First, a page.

Proposal Against Chinese Currency Manipulation

On Sept. 22, a bill (S. 1619) targeting the effect of Chinese currency manipulation on the U.S. economy was introduced in the Senate. The Currency Exchange Rate Oversight Reform Act of 2011 introduced by Sen. Sherrod Brown (D-Pa.) drew significant bipartisan support and is the latest in a five-year effort focused on the Chinese yuan.

Senate Majority Leader Harry Reid (D-Nev.) informed reporters that next week the chamber will “start our work on trade matters,” including the legislation on China’s currency, though it was unclear when the bill would come to a final vote—most likely before the end of the year.

Senate sponsors predict overwhelming passage when the bill reaches the floor for a vote. However, it is expected to face some opposition in the Republican-led House. Concerns with the bill by Republicans include whether the bill would pass World Trade Organization scrutiny, and how it would affect U.S.-China relations.

The Senate bill would require the U.S. Commerce Department to investigate if a country is undervaluing its currency, which would be regarded as a government subsidy under U.S. law. Affected U.S. companies would then be allowed to seek retaliatory tariffs on goods imported from the country.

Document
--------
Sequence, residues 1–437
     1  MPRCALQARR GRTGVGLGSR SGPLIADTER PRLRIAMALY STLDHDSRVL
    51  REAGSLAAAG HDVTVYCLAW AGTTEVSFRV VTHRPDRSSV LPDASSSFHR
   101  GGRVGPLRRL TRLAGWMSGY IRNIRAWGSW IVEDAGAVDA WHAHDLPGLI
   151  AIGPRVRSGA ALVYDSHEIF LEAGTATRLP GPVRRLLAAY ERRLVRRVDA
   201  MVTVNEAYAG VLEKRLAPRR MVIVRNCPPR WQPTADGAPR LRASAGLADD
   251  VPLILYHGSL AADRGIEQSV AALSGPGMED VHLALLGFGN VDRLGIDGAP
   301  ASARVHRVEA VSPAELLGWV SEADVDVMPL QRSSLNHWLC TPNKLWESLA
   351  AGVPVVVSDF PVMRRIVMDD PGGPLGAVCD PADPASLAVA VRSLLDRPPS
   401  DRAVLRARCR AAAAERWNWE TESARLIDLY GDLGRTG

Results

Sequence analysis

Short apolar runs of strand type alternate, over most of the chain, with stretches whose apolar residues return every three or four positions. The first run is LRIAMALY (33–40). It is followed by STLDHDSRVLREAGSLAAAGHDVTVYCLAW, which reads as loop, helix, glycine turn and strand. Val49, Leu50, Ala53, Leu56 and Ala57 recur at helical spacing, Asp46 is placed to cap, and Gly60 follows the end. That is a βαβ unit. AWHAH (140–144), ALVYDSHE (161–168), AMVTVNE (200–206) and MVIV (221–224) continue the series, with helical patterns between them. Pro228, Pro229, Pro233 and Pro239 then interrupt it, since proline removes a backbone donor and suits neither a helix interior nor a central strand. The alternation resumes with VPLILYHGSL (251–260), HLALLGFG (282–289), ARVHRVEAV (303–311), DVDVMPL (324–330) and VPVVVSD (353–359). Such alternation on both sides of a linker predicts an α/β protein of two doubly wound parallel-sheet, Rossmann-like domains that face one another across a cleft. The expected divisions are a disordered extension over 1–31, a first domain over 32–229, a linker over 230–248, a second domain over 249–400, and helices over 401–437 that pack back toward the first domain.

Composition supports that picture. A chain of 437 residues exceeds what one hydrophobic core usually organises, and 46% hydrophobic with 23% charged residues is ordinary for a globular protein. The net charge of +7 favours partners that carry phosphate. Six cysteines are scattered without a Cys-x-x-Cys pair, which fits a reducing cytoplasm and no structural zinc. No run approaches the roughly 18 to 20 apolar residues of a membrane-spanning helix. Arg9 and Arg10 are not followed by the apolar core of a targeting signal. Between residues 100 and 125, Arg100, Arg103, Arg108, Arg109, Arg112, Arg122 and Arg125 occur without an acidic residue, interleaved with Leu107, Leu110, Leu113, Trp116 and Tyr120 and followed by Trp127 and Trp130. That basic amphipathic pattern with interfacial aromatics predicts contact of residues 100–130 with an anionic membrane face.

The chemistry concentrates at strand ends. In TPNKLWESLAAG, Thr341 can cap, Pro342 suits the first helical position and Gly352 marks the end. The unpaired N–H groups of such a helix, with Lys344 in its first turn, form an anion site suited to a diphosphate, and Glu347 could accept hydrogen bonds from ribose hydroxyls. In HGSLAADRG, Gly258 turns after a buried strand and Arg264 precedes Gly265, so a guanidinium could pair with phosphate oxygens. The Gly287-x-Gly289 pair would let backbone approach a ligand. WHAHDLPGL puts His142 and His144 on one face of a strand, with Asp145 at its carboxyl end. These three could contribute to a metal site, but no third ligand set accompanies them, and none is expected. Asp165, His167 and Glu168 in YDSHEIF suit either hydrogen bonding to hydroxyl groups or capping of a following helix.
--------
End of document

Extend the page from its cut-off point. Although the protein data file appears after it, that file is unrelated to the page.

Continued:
Specific elements of the bill, S. 1619 include:

  • Requiring administration action against countries that fail to correct currency misalignment if the Treasury Department finds that a country has misaligned currencies;
  • Clarifies when the Commerce Department must investigate currency manipulation for the purpose of applying a countervailing duty;
  • Establishing new criteria to identifying misaligned currencies; and
  • Establishes triggers and consequences unless countries adopt policies to stop misalignment.

Some analysts say China has intentionally undervalued the yuan, giving Chinese companies an unfair advantage against U.S. manufacturers. Whereas, China denies the allegations of currency manipulation and says it is committed to letting the yuan naturally rise or fall on global markets.

Earlier this month, the Economic Policy Institute—an American economic research organization—estimated that the country’s growing trade deficit with China has eliminated or displaced nearly 2.8 million jobs since 2001.

So far, the White House has refused to lend its support for any legislation imposing punitive sanctions on China and instead is relying on diplomacy, urging China to ensure its currency is on a level playing field. Many in the business community also oppose the Senate bill, saying it would not give China any incentive to change its policies but instead could cause it to retaliate against U.S. goods.